Torres/Motel Beds w/Kelley Deal: "The Harshest Light" b/w "Tropics of the Sand" (Misra) Review | Under the Radar Magazine Under the Radar | Music Blog for the Indie Music Magazine
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Torres/Motel Beds w/Kelley Deal

“The Harshest Light” b/w “Tropics of the Sand”


May 29, 2014 Web Exclusive Bookmark and Share

For Record Store Day 2014, Dayton, Ohio’s Misra Records released a 7” record with a new song by Torres on side A and one from Dayton’s own Motel Beds on side B.

Torres is currently working on the follow-up to her eponymous 2013 debut, and “The Harshest Light” is a song both new to this 7” and unavailable digitally anywhere. The first thing one notices about the record, when the needle touches down, is that the vinyl pressing is fantastic. The sound is magnificent, like Torres is whispering right into your ear. And the track builds upon everything that made Torres’ debut so marvelous. As she delivers her heart-wrenching, introspective lyrics, the track envelops, then fades away, over and again. Torres’ voice remains the focal point around which everything revolves, occasionally dipping down into its lower register, barely hitting the desired note, as if scraping her soul’s deepest bottom, before rising like a phoenix and railing against the instrumental backdrop before the track wraps. The emotion in the lyrics, the vocals, and their delivery makes the track one that demands repeated listens.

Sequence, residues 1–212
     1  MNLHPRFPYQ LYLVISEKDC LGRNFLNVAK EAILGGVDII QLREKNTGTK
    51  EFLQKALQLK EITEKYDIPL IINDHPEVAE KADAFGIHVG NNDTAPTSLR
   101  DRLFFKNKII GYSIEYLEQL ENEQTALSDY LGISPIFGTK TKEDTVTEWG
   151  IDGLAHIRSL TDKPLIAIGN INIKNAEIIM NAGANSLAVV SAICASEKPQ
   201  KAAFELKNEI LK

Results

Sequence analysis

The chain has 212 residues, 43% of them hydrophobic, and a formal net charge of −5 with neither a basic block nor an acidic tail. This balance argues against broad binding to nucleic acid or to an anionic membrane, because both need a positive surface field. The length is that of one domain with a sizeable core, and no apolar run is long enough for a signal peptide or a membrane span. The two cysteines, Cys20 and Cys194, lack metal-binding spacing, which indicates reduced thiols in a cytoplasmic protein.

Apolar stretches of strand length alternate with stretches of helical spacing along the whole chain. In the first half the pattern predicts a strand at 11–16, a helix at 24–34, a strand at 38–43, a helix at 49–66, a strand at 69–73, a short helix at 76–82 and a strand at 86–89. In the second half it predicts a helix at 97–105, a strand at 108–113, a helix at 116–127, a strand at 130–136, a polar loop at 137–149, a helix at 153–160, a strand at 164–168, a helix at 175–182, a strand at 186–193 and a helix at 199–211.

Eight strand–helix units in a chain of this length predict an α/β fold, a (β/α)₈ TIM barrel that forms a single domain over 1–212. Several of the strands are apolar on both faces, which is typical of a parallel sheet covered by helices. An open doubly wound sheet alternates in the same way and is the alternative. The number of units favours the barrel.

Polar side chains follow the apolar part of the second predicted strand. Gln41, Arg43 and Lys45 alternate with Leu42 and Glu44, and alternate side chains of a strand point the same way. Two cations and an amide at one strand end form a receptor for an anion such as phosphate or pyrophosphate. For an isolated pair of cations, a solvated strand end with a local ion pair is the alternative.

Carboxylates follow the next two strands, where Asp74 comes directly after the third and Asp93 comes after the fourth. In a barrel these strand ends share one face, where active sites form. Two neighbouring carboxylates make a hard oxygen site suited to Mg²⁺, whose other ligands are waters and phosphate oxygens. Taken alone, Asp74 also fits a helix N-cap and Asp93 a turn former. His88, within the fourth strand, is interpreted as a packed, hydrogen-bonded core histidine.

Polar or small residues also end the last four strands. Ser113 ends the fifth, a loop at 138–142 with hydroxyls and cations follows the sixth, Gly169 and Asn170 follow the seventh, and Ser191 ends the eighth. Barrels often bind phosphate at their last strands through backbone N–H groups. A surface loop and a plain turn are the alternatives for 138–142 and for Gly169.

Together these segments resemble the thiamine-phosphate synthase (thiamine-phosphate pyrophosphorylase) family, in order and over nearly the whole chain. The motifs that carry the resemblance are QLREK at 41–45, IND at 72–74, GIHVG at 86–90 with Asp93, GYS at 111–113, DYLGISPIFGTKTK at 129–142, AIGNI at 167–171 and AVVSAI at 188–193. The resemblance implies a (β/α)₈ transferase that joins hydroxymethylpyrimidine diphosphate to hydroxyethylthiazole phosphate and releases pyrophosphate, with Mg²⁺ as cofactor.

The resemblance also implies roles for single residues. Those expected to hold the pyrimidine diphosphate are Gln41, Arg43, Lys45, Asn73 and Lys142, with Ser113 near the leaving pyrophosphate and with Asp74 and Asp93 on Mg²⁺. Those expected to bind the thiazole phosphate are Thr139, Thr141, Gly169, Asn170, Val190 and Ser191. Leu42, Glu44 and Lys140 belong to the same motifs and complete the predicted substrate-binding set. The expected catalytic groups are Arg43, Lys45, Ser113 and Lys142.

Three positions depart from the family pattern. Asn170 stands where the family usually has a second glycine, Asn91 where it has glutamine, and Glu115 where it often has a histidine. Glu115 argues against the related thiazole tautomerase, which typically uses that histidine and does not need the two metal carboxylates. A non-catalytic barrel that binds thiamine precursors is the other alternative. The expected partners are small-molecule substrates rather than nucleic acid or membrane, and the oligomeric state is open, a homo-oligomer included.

Motel Beds’ “Tropics of the Sand” is equally great, if nowhere near as intense. The song is taken from the band’s forthcoming These Are the Days Gone By, an album that reintroduces the band in many respects, with 12 songs culled from previous recordings recorded with new parts, and including a sparse acoustic cover of Matthew Sweet’s “I’ve Been Waiting.” Featuring Kelley Deal singing harmonies, “Tropics of the Sand” is lo-fi brilliance that’s perfectly befitting of Dayton, perhaps the birthplace of lo-fi brilliance. Subdued melodies and lazy harmony hypnotize, almost (and I said almost) allowing the track’s perfect pop melodies to go unnoticed. The instrumentation is spare, providing fuzzy guitar backdrop for the vocal innocence of the singing. When Deal sings out, the track is made. (

Author rating: 8/10

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Average reader rating: 8/10


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